To avoid the risks and seize the opportunities, to actually execute on a strategy, firms must marshal this tsunami of information, filter the signals from the noise, and feed it into the appropriate corners of the organization where it can be acted upon. The organization must be so designed as to act appropriately, in concert with the firm’s strategy, and in a cost-effective and profit-minded way.
Any organization can stay busy, caught up in its rituals and grandfathered processes, but action not directed at meeting the needs of a customer so effectively and effectively that a profit results is activity that benefits the competition. Technology will do the work. Dollars will measure the result. And it is here that the green eye shades and the pocket protectors will find common ground.
Together CFO and CIO must be advocates for:
- An enterprise-wide strategy that relies on an adaptive organization able to sense and respond to the shifting desires of existing and potential customers, seizing opportunities and deflecting risks in a global marketplace.
- The creation of a strategic enterprise architecture (SEA), a story of what the firm is trying to accomplish and how, taking into account customers, external partners and internal business processes. This is a map of the business with a complementary map of the technology that enables it.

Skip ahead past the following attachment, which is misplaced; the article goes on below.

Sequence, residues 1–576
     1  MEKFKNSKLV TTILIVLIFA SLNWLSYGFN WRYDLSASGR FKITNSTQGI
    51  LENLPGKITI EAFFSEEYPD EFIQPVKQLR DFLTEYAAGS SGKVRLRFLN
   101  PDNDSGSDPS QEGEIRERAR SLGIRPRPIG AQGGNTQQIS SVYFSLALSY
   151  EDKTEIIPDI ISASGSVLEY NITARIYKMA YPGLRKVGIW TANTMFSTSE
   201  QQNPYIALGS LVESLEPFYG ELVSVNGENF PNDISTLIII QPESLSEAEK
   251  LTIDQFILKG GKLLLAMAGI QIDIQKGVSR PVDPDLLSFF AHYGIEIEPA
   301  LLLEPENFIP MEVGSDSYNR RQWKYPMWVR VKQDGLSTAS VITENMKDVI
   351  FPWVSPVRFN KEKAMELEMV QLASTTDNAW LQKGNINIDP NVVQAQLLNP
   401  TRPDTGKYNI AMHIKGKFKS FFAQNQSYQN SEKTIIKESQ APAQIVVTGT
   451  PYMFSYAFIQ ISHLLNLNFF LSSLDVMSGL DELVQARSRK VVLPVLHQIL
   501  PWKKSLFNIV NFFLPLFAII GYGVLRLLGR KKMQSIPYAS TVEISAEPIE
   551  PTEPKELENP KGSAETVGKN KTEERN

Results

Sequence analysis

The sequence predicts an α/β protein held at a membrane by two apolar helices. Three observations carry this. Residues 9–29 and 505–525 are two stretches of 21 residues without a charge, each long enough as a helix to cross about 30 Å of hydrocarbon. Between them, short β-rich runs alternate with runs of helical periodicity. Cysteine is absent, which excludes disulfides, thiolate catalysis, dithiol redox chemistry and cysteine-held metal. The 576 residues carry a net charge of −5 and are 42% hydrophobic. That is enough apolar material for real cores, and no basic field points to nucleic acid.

- An assessment of what the organization is now, and what it should be, and a plan to create the organizational structures, employee incentives and information flows necessary in the desired future state. Further, exactly how does the firm intend to get there?
- The convergence of the management of the business and the management of technology to eliminate one of the chief sources of inefficiency and ineffectiveness in many organizations.
These workaday management tasks constitute an agenda that can replace the petty annoyances and misunderstandings that easily distract the CFO and CIO as they approach common concerns from different backgrounds and with different points of view. Leading companies have figured this out. And if you haven’t, you might be wise to wonder if your competitors have.
Faisal Hoque is the founder and CEO of of BTM Corporation. A former senior executive at GE and other multi-nationals, Faisal is an internationally known entrepreneur and thought leader. He has written five management books, established a non-profit institute, The BTM Institute, and become a leading authority on the issue of effective interaction between business and technology. BTM Corporation innovates new business models and enhances financial performance by converging business and technology with its unique products and intellectual property.